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The Rebekah Brooks and Andy Coulson saga. Have the red tops had their day?

by on July 4, 2014 in Lead Article

sun news of the worldIn this article from The Conversation, George Brock argues that the tabloids have had their day.

So, Andy Coulson has been found guilty of plotting to hack phones – but former colleague Rebekah Brooks walked free after the jury in the hacking trial cleared her of all criminal charges. The verdicts mark more than the end of the case which has unfolded at the Old Bailey for the past eight months. They also come at the end of an era in British popular journalism.

Not a golden age, certainly, but a distinct period during which tabloid or “red-top” journalism walked tall, looking down on more serious newspapers and their scruples. For the past half century, the mass-selling papers with red mastheads (or logos) had defied the logic of media history and swaggered at the centre of the stage.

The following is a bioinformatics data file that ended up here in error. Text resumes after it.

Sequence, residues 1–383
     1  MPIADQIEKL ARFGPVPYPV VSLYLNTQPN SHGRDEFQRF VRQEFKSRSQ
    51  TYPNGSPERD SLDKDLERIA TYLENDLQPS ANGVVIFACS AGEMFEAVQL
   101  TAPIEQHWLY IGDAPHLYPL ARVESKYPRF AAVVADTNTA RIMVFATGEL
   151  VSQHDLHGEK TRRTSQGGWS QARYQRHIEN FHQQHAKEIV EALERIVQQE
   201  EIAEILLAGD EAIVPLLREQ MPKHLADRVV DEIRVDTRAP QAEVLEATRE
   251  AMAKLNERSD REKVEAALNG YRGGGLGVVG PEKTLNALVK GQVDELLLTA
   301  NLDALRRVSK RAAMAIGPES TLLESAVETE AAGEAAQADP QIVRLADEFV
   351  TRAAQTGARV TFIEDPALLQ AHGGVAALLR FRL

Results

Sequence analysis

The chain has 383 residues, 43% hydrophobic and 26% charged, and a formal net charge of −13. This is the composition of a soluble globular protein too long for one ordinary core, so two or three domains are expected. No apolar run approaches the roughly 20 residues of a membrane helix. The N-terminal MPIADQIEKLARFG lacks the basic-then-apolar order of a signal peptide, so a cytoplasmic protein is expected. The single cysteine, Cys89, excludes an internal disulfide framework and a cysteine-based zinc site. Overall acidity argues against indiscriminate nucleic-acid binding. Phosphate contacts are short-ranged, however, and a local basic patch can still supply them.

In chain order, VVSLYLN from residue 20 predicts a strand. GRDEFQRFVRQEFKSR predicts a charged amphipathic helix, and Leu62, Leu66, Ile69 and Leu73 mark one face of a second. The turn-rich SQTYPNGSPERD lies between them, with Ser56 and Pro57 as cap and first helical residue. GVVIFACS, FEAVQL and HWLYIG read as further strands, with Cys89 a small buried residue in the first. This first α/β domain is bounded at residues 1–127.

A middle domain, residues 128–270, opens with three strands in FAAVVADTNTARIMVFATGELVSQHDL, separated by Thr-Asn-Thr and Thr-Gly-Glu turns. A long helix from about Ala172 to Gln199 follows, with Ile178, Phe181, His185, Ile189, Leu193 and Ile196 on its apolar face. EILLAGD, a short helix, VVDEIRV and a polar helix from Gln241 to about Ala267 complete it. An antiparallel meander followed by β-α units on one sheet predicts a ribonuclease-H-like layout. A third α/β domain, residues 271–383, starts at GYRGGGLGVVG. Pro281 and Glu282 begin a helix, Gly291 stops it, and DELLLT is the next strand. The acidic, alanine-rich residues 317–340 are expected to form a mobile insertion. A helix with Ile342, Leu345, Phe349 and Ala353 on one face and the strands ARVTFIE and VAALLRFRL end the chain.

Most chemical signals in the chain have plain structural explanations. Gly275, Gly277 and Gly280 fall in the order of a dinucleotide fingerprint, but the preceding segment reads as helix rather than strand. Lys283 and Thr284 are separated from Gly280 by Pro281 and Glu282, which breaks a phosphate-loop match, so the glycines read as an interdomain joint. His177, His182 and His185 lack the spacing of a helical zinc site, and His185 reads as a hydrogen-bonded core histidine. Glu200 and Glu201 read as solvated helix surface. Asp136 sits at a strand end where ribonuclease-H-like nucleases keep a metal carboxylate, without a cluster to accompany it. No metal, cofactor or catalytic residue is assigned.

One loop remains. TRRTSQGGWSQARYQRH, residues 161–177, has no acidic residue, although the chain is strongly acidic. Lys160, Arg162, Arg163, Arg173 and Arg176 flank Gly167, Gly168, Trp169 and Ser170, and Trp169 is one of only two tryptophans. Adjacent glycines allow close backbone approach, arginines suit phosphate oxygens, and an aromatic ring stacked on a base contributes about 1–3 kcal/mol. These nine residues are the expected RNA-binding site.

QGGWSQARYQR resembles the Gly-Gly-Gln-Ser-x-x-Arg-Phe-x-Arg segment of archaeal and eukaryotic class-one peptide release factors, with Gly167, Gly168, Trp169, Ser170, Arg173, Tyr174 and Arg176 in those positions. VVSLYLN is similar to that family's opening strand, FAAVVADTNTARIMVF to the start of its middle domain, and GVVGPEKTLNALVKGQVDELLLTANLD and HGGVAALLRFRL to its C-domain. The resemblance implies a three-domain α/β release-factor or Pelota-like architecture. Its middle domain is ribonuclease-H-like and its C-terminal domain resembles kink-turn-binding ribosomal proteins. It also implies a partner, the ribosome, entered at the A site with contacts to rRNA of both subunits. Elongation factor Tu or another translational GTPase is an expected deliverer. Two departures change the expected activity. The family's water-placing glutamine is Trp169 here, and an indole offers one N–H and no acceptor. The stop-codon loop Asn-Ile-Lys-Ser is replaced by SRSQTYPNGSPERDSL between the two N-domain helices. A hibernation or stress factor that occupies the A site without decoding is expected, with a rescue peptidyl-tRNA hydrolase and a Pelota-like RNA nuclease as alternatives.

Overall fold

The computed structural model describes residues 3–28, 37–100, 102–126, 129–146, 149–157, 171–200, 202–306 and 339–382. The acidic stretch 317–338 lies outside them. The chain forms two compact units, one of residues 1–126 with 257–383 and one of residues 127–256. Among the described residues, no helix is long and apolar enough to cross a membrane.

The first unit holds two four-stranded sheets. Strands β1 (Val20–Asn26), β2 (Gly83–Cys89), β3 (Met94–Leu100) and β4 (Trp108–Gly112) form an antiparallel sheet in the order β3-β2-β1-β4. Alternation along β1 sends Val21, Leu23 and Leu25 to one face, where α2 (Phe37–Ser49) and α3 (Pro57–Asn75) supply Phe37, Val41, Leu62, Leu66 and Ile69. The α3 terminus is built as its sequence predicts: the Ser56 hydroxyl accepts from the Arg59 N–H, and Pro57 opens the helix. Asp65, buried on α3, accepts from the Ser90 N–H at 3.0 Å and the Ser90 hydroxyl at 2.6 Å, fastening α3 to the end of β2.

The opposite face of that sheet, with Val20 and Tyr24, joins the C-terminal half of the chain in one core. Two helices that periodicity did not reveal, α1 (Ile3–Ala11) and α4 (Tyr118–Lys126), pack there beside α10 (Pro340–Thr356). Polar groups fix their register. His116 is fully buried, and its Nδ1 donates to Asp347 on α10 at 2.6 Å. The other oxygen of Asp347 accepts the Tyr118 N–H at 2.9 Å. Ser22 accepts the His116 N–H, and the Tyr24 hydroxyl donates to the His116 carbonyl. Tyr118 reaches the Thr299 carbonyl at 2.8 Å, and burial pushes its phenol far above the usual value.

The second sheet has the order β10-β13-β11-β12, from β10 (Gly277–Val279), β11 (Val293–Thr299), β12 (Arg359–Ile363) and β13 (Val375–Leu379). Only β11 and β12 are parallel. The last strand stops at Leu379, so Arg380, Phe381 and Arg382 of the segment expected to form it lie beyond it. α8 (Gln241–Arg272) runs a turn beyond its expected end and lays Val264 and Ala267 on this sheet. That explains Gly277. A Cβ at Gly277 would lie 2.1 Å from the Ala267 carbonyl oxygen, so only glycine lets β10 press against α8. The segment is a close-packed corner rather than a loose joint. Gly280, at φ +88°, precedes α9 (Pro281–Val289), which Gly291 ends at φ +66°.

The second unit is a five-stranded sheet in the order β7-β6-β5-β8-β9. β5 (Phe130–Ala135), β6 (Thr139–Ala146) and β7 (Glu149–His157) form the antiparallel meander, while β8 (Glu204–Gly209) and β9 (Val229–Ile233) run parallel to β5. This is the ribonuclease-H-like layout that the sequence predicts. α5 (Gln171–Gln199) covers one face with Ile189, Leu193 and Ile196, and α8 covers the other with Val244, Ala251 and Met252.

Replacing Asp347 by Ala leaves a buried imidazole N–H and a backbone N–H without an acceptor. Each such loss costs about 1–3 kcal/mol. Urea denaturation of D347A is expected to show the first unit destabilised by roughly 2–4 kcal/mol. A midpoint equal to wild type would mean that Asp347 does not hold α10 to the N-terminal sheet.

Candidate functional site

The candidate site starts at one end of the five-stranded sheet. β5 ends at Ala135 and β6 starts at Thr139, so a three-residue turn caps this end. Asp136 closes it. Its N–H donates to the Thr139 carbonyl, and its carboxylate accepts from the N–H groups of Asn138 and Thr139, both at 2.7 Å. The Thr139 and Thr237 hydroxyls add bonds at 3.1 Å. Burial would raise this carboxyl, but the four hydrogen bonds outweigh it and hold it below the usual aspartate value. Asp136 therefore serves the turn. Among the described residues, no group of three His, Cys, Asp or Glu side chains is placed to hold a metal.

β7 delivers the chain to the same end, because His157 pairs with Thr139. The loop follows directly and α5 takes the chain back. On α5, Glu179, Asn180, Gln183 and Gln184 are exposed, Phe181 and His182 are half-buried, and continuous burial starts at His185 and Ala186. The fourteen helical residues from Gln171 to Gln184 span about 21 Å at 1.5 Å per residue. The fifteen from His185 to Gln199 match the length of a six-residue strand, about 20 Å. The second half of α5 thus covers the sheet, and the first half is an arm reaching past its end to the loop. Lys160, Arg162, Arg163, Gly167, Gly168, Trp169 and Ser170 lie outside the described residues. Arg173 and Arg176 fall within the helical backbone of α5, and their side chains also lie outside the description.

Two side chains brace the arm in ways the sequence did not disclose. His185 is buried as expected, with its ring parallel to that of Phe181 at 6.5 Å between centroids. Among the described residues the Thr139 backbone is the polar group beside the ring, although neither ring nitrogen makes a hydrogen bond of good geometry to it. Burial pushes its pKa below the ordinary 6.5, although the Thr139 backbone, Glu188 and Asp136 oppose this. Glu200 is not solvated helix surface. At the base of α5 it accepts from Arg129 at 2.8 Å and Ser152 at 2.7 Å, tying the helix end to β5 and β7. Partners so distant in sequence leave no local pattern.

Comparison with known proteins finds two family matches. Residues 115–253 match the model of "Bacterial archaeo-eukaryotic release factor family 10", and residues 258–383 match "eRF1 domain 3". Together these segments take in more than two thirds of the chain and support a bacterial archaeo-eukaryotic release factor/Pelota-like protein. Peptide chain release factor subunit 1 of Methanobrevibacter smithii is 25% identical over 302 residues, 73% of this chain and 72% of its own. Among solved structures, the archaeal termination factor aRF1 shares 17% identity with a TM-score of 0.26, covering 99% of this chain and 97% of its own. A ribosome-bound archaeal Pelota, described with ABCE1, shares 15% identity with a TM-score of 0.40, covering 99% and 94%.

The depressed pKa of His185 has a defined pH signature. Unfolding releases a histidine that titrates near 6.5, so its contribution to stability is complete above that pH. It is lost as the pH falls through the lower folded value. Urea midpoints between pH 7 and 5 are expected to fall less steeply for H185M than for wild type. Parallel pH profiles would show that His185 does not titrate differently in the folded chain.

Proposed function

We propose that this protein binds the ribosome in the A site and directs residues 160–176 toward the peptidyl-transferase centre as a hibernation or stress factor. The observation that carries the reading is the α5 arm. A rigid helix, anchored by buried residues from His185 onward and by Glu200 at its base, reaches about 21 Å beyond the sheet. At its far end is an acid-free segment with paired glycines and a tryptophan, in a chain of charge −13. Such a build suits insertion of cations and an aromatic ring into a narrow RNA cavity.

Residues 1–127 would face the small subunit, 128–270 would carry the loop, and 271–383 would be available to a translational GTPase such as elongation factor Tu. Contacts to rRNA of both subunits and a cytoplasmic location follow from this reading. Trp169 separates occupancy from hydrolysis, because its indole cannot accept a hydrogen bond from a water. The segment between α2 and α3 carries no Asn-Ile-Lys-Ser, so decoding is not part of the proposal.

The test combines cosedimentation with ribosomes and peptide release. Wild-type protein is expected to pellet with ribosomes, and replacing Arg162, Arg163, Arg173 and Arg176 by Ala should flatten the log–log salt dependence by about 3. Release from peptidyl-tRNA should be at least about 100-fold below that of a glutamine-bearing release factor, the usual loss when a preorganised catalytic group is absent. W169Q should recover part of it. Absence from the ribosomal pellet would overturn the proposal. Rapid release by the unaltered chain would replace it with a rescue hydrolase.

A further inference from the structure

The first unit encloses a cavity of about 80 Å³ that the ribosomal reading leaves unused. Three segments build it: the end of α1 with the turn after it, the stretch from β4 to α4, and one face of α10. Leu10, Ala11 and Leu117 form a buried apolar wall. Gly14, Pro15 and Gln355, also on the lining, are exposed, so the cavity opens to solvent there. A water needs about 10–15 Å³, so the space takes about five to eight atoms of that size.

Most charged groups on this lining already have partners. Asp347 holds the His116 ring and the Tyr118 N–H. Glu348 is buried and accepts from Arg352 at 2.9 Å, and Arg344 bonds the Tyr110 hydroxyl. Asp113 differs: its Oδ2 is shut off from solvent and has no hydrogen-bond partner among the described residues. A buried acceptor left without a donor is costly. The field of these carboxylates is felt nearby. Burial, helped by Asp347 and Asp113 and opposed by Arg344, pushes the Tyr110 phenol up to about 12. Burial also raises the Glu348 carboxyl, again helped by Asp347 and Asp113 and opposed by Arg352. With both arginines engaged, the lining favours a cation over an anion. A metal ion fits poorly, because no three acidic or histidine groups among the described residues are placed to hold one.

That they reached this position at all was something of a miracle achieved against logic and the odds. The coming of television in the 1950s changed the landscape of news media, but not in the way that most predictions expected. Newspapers were not put out of business by television news, just as they had not been abolished by radio in the 1920s. But all the same, broadcasting undermined the foundations on which popular print journalism had been built.

 

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